Sir Walter Raleigh was an Elizabethan explorer and scholar. Sir Walter Raleigh advocated the colonisation of what we now call the United States of America and, for right or wrong, Raleigh will always be associated with the introduction of the potato and tobacco into England.
Sir Walter Raleigh was born around 1554. His father was also called Sir Walter Raleigh and the boy was born into a degree of affluence. He attended Oriel College, Oxford University and went to the Middle Bar.
To all intents a career in law seemed almost a natural occurrence. However, this was the era of the Revolt of the Spanish Netherlands and by 1569 Raleigh was fighting for the Huguenots against the Spanish. In the next decade he fought against Spanish shipping. He came to the attention of Queen Elizabeth when Raleigh fought against the Munster rebels between 1580 and 1581.
From 1581 on, Raleigh was a frequent visitor to the Royal Court. His charm, wit and debonair manner made him a favourite of the Queen. Elizabeth bestowed on Raleigh monopolies and offices and in 1585 knighted him. In 1587, Sir Walter Raleigh was made Captain of the Queen’s Guard – a prestigious position that also showed how much the Queen trusted him.
Despite his military reputation, Raleigh was also a scholar and thinker. He was an early supporter of colonising America – though he viewed such a venture more for its trade benefits as opposed to anything else. Between 1584 and 1589, Raleigh sent a number of expeditions across the Atlantic though none were successful. He attempted to establish a colony near Roanoke Island on the coast of what is now North Carolina but what was then called Virginia in honour of Queen Elizabeth, the Virgin Queen.
Raleigh had a major fall from grace when he secretly married Elizabeth Throckmorton, a Maid of Honour to the Queen. Elizabeth would have expected to be consulted about such a marriage especially as the other Elizabeth was one of her Maid’s in Honour. Such was her anger, that the Queen ordered the imprisonment of Raleigh and he was effectively ostracised by the Royal Court until 1597.
However, rather than bide his time, Raleigh set off on a series of explorations. His main aim was to find El Dorado, the legendary city of untold wealth. Though he did not find this, he did explore about 400 miles of the valley of the River Orinoco in Venezuela. In 1596, Raleigh attacked Cadiz, probably the most important of Spanish ports and in the following year, in a jointly led campaign with the Earl of Essex, Raleigh attempted to attack a newly formed Spanish Armada. This was a military failure but a clear statement of intent.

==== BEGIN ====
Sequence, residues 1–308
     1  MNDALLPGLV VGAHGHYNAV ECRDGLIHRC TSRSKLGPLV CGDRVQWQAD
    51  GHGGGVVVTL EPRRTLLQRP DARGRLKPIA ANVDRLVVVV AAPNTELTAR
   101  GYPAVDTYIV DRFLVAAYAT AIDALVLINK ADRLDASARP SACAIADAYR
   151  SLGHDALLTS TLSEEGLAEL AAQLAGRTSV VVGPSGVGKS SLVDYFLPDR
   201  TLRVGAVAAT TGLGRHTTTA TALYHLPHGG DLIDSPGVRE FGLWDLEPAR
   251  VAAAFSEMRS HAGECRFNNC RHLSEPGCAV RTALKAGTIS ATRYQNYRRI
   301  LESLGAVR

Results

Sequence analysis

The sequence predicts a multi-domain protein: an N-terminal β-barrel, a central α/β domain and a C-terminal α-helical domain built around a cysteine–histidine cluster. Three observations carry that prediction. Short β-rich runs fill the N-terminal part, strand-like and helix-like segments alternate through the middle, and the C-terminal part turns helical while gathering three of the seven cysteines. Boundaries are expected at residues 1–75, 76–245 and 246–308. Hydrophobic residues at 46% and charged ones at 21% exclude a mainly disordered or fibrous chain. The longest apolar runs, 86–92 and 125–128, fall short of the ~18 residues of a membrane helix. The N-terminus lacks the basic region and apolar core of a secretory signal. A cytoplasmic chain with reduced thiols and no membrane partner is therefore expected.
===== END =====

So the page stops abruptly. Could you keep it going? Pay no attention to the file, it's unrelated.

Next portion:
The accession of James I in 1603 ushered in an era of uncertainty for Raleigh. It is generally accepted that despite Elizabeth’s anger at having been kept out of the picture regarding his marriage, she had a ‘soft spot’ for him and for that reason he was safe while the Queen was alive. James, from Scotland, had no connection with the lifestyle of Raleigh.
On July 17th, 1603, Raleigh was arrested and charged with assisting Spain in attempting to put Arabella Stuart on the throne. At his trial in September, Raleigh was found guilty and sentenced to death. However, the evidence against him – possibly cobbled together by the Earl of Salisbury who viewed Raleigh as a rival – was so weak that he was reprieved but imprisoned in the Tower of London.
Here, free from distractions, Raleigh indulged in scientific experiments and writing. In 1614, Raleigh completed ‘History of the World’. Despite being a prisoner in the feared Tower, he lived a comfortable lifestyle with his family, though he could not actually leave the fortress.
In 1616, Buckingham used his influence over James to secure Raleigh’s release to lead an expedition to Guiana to search for gold. James, forever short of money, was clearly attracted to the idea of his wealth being enhanced. However, wary of Spain, the king ordered Raleigh not to interfere with any Spanish possessions. Raleigh’s men attacked San Thomé – Spanish territory. He may have been forgiven if he had returned with gold but he returned to England empty-handed.
To appease Spain, James re-arrested Raleigh for his 1603 crimes and this time the sentence was upheld. On October 29th 1618, Raleigh was executed. Shortly before he was executed, he said to a hesitant executioner, “This is sharp medicine; but it is a sure cure for all diseases. What dost thou fear? Strike, man, strike.”